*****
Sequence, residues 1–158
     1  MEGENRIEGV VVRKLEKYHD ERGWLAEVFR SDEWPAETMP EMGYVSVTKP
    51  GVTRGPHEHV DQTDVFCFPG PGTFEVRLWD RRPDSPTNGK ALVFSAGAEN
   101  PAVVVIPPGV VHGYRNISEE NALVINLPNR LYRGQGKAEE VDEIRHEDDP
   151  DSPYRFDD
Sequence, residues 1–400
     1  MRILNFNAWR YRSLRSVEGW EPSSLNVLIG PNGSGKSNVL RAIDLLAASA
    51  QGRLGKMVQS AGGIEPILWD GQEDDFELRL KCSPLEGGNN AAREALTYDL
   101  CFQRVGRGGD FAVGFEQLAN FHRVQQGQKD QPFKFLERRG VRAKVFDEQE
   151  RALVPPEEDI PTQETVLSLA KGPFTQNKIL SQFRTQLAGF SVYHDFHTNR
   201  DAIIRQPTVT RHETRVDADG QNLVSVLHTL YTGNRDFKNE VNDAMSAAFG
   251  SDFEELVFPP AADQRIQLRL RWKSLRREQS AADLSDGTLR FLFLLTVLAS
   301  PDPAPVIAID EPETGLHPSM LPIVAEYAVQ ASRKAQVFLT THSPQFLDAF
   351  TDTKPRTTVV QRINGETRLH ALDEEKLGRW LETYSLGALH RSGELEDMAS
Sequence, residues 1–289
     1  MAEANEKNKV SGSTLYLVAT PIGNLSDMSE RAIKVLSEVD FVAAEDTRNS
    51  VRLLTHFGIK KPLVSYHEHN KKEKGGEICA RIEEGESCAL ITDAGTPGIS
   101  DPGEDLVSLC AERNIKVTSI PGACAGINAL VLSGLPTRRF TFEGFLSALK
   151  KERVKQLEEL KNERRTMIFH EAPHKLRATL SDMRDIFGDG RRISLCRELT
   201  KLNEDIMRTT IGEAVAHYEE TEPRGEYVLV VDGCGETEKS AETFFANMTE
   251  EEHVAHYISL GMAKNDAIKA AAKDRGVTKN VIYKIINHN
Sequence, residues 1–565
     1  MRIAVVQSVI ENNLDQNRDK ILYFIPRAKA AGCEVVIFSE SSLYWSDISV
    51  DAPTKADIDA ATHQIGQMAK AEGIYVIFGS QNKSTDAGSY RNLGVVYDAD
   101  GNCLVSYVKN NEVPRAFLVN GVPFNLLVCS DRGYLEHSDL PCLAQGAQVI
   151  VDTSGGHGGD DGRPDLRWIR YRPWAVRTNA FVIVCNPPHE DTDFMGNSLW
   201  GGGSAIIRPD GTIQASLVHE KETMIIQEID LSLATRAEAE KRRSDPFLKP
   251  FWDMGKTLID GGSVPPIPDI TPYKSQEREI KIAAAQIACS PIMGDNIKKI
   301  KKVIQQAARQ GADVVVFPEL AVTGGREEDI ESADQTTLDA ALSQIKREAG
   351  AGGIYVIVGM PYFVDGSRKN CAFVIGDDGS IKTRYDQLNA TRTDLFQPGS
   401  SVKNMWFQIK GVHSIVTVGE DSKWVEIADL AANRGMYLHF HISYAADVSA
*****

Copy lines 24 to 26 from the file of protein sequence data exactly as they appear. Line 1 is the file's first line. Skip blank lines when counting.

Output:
    51  DAPTKADIDA ATHQIGQMAK AEGIYVIFGS QNKSTDAGSY RNLGVVYDAD
   101  GNCLVSYVKN NEVPRAFLVN GVPFNLLVCS DRGYLEHSDL PCLAQGAQVI
   151  VDTSGGHGGD DGRPDLRWIR YRPWAVRTNA FVIVCNPPHE DTDFMGNSLW